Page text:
man·​ic | \ ˈma-nik How to pronounce manic (audio) \

Definition of manic

: affected with, relating to, characterized by, or resulting from mania had a manic personality his manic work pace

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Other Words from manic

manic noun
manically \ ˈma-​ni-​k(ə-​)lē How to pronounce manically (audio) \ adverb

Examples of manic in a Sentence

a manic sense of humor

Recent Examples on the Web

The sight of him is a reminder of when things didn’t feel so manic and unsafe. Naomi Hofferber, The Hollywood Reporter, "Tituss Burgess Takes Aim at Trump With New Song: "He's Dumb as Bricks"," 31 July 2019 In the last few months, his online activity became more erratic and manic, according to Breslau. Kalhan Rosenblatt, NBC News, "Etika was a larger-than-life YouTube star. Researchers are unsure how that affected his mental health.," 26 June 2019 Clad in a Misfits T-shirt, Maryssa Wanlass exudes a persistent sadness as Jaques, the exiled duke’s melancholy companion, leaking through bursts of near-manic enthusiasm. Sam Hurwitt, The Mercury News, "Review: Charming SF Shakes’ ‘As You Like It’ has a secret musical weapon," 10 July 2019 This same circuitry, of course, renders elephants susceptible to the various psychic pathologies that afflict imprisoned humans: extreme boredom and depression, stereotypical behaviors like manic pacing and rocking and heightened aggression. New York Times, "Zoos Called It a ‘Rescue.’ But Are the Elephants Really Better Off?," 9 July 2019 New Years, at least for the young and single, is governed by the manic desire to find someone to kiss at midnight. Michael Brendan Dougherty, National Review, "You’re Free on Independence Day," 4 July 2019 In his large illustration, engraver Johann Alexander Boener tried to capture the manic scene: bombs bursting in air, fire wheels spinning, infernal imps dancing around the mouth of the underworld. John Kelly, Washington Post, "Remembering when emperors planned their own extravagant fireworks displays," 3 July 2019 Surrounded by a seven-foot metal fence with a mesh too tight even for a rat to wriggle through, the sanctuary is home to such odd birds as the hefty, flightless takahe and the manic hihi. Charlie Hamilton James, National Geographic, "How rats became an inescapable part of city living," 17 June 2019 Jordan’s humongously over-the-top email following up a first date, and his manic anxiety about whether to actually send it, is hilarious. San Diego Union-Tribune, "Review: Diversionary’s ‘Significant Other’ lends fresh zip to familiar romantic-comedy tropes," 3 June 2019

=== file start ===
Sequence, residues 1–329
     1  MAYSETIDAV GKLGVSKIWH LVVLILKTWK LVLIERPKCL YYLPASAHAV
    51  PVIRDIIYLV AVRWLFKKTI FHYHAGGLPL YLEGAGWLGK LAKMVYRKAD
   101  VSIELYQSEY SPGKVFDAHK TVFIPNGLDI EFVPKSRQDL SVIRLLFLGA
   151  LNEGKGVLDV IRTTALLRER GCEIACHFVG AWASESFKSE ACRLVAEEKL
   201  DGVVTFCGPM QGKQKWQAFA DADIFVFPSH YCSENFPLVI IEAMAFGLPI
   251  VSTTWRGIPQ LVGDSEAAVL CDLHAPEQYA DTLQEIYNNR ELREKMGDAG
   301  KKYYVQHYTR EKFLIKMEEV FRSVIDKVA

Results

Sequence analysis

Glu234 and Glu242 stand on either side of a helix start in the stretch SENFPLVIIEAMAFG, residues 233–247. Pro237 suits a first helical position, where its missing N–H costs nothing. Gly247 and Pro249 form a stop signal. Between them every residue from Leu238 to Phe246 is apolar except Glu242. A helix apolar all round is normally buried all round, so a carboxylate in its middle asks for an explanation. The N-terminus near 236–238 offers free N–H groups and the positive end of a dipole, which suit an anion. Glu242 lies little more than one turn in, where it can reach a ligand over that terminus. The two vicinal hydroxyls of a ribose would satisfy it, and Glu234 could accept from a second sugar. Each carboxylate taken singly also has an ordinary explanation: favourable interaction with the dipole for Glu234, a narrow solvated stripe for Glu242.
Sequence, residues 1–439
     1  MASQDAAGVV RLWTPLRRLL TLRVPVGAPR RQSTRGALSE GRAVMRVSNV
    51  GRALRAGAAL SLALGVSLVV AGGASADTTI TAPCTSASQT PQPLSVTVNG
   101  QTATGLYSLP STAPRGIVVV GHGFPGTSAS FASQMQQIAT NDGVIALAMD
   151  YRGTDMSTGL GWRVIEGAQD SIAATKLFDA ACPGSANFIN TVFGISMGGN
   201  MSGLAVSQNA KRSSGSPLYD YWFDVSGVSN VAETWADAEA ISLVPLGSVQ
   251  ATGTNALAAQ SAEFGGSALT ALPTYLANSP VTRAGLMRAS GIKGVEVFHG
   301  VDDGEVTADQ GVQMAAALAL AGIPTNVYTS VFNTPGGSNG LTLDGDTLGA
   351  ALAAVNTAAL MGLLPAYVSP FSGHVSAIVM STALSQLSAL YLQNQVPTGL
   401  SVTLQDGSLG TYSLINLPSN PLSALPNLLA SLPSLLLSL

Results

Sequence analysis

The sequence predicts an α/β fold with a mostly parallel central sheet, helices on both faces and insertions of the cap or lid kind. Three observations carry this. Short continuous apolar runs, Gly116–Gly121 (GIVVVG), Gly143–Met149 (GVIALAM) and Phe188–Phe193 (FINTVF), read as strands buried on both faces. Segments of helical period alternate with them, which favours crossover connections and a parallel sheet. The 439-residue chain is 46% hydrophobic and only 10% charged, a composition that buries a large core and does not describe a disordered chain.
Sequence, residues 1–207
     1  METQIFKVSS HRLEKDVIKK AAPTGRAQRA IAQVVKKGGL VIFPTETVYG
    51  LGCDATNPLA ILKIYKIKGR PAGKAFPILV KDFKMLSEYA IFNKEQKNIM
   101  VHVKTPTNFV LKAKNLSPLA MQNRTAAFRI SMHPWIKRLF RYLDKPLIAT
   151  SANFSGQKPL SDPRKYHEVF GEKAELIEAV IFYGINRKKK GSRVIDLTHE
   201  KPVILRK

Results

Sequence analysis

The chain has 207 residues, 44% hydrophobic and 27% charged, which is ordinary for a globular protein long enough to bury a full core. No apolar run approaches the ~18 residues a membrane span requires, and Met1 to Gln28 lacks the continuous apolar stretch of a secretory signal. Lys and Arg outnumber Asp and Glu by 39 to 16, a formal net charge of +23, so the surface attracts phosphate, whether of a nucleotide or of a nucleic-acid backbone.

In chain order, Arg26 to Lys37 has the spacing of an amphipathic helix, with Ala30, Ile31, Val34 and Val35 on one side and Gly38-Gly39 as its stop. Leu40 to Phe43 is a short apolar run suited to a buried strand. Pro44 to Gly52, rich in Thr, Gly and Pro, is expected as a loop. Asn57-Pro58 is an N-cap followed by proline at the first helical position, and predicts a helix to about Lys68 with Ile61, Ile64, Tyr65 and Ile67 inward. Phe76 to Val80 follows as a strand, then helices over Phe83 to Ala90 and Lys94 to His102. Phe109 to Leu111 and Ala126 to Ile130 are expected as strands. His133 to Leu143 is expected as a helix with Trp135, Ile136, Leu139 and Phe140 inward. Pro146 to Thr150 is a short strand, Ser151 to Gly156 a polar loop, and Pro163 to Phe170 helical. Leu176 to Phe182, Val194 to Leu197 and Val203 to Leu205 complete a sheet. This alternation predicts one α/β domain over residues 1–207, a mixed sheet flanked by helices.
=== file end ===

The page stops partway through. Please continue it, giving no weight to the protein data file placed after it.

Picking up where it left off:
These example sentences are selected automatically from various online news sources to reflect current usage of the word 'manic.' Views expressed in the examples do not represent the opinion of Merriam-Webster or its editors. Send us feedback.

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First Known Use of manic

circa 1824, in the meaning defined above

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Statistics for manic

Last Updated

16 Aug 2019

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Time Traveler for manic

The first known use of manic was circa 1824

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More Definitions for manic



English Language Learners Definition of manic

: having or relating to a mental illness that causes someone to become very excited or emotional
: very excited, energetic, or emotional


man·​ic | \ ˈman-ik How to pronounce manic (audio) \

Medical Definition of manic

 (Entry 1 of 2)

: affected with, relating to, or resembling mania

Other Words from manic

manically \ -​i-​k(ə-​)lē How to pronounce manically (audio) \ adverb



Medical Definition of manic (Entry 2 of 2)

: an individual affected with mania

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More from Merriam-Webster on manic

Rhyming Dictionary: Words that rhyme with manic

Spanish Central: Translation of manic

Nglish: Translation of manic for Spanish Speakers

Britannica English: Translation of manic for Arabic Speakers

Comments on manic

What made you want to look up manic? Please tell us where you read or heard it (including the quote, if possible).


a period when something is suspended

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